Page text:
Unfortunately, rather as the concept of obedience gets mechanised and debased into “Simon says,” humility gets mistaken for a perpetual state of grovelling.
What if humility, far more than grovelling, is actually about being earthed, feet on the ground, open eyed about self and everyone else? Embracing the way of humility means commitment to being radically realistic — “Don’t be afraid to see what you see” — a kind of holy pragmatism underlying everything. As often happens, Joan Chittister gets the matter bang to rights:
True humility is simply a measure of the self that is taken without exaggerated approval or exaggerated guilt. Humility is the ability to know ourselves as God knows us, and to know that it is the little we are that is precisely our claim on God. Humility, then, is the foundation for our relationship with God, our connectedness to others, our acceptance of ourselves, our way of using the goods of the earth and even our way of walking through the world, without arrogance, without domination, without scorn, without put-downs, without disdain, without self-centredness. The more we know ourselves, the gentler we will be with others...
The chapter on humility is a strangely wonderful and intriguingly distressing treatise on the process of the spiritual life. It does not say, "Be perfect." It says, "Be honest about what you are and you will come to know God." It does not say, "Be flawless and you will earn God." It says, "If you recognize the presence of God in life, you will soon become more and more perfect." But this perfection is not in the twentieth-century sense of impeccability. This perfection is in the biblical sense of having become matured, ripened, whole.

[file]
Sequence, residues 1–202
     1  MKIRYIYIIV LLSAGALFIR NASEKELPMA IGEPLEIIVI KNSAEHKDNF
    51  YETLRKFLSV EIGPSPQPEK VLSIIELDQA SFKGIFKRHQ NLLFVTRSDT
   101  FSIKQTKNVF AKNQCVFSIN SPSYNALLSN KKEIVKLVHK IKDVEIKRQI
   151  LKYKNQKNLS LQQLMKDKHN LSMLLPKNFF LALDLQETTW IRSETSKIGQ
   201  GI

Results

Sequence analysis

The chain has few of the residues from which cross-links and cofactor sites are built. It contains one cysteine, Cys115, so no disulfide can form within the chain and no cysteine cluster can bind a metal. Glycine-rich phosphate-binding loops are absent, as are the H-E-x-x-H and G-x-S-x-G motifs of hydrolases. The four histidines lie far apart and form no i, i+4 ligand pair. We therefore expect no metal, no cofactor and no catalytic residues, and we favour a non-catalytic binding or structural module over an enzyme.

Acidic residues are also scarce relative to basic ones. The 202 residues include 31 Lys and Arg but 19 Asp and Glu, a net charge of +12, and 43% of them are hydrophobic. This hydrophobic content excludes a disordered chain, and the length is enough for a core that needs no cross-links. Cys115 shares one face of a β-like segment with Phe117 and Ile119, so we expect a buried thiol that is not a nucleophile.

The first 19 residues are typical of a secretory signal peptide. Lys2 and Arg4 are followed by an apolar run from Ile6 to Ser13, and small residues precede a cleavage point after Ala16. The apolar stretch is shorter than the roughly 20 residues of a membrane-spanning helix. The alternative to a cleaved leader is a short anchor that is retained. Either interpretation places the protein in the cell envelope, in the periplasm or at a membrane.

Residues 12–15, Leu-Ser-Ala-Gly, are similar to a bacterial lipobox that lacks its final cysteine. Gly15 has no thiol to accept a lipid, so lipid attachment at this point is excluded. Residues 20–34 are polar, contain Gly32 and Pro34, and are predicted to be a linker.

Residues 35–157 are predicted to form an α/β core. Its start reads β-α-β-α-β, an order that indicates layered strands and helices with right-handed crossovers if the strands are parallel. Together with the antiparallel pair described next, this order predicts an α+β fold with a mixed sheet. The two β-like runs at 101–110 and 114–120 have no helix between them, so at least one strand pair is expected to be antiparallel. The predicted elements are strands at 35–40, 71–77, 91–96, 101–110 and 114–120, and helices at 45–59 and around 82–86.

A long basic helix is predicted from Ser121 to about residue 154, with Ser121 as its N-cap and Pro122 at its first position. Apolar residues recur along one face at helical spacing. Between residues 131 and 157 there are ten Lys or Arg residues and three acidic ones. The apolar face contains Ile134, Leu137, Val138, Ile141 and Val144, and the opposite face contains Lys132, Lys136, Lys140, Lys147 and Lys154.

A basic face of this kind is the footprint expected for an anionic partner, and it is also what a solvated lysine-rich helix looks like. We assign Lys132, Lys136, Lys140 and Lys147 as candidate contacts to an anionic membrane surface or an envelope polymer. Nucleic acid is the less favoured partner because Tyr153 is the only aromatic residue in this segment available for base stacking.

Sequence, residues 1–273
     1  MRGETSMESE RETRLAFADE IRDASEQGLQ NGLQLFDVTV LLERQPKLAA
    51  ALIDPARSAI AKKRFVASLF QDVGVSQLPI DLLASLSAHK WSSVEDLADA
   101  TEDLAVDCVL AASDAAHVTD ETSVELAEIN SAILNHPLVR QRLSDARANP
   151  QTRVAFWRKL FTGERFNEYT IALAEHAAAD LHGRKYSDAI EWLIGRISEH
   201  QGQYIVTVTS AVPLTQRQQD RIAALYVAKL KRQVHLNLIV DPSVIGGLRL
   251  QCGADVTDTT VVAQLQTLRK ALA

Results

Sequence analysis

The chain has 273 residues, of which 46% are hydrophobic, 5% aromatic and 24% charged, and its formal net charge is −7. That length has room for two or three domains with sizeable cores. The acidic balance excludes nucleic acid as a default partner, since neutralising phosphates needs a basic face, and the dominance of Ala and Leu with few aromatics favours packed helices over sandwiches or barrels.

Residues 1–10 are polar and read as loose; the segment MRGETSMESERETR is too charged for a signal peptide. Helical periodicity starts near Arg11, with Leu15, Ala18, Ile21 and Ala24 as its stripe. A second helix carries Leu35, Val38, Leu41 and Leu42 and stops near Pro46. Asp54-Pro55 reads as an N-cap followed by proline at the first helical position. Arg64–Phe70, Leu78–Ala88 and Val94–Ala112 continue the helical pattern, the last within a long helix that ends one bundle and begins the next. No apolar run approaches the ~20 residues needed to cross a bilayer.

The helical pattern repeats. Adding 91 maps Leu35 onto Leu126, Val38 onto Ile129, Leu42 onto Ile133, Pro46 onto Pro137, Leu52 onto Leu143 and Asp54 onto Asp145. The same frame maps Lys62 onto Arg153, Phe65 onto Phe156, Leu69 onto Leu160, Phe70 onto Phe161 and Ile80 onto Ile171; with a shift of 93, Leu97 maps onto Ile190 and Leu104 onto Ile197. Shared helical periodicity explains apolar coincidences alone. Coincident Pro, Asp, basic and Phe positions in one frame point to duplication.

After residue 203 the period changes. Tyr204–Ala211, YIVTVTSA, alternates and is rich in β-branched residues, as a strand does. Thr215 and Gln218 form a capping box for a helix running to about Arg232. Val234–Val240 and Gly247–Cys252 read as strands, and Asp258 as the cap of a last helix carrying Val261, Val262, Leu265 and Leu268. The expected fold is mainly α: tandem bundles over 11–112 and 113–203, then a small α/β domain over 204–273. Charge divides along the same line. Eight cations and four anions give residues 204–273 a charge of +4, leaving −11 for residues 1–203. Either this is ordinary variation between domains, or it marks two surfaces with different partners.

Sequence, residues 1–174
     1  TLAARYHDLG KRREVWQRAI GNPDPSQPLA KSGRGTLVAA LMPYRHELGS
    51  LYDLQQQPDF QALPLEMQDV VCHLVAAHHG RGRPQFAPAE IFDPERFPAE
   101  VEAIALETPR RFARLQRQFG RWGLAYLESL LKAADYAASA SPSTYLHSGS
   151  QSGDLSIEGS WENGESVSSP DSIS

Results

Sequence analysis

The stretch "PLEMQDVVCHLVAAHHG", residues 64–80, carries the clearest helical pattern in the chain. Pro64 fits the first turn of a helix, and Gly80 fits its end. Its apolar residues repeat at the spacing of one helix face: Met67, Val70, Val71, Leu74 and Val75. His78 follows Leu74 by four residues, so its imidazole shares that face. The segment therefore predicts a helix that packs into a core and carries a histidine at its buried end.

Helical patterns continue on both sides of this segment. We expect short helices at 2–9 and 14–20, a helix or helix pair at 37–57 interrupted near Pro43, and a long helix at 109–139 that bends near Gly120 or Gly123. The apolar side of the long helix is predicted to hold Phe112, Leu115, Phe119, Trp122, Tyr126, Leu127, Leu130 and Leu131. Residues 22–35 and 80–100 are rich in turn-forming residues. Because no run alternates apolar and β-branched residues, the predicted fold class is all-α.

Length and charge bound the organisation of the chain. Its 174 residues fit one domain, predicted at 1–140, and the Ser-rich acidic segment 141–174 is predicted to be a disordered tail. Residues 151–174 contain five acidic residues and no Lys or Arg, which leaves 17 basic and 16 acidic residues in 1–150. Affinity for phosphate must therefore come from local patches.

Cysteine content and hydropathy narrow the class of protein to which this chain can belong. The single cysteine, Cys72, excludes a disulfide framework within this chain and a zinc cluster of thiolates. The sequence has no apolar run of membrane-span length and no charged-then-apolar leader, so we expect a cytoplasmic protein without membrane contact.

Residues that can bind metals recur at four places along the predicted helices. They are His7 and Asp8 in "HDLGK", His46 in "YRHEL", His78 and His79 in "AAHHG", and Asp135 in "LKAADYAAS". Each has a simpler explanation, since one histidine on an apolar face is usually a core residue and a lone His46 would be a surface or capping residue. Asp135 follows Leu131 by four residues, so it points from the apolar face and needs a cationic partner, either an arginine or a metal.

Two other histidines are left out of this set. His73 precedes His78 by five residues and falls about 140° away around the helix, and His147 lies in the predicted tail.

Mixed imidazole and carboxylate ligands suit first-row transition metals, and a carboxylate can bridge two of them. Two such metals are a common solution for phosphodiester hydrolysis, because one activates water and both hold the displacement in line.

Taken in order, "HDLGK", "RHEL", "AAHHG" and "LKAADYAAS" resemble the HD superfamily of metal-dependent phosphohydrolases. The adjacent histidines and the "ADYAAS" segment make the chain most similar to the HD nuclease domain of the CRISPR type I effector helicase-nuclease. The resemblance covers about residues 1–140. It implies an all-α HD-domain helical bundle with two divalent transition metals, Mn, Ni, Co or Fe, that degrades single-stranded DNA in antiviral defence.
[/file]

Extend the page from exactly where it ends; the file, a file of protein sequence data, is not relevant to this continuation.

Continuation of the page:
The entire chapter is such a nonmechanistic, totally human approach to God. If we reach out and meet God here where God is, if we accept God's will in life where our will does not prevail, if we are willing to learn from others, if we can see ourselves and accept ourselves for what we are and grow from that, if we can live simply, if we can respect others and reverence them, if we can be a trusting part of our world without having to strut around it controlling it, changing it, wrenching it to our own image and likeness, then we will have achieved "perfect love that casts out fear" (1 John 4:18). There will be nothing left to fear — not God's wrath, not the loss of human respect, not the absence of control, not the achievements of others greater than our own whose success we have had to smother with rejection or deride with scorn.
Humility, the lost virtue of the twentieth century, is crying to heaven for rediscovery. The development of nations, the preservation of the globe, the achievement of human community may well depend on it.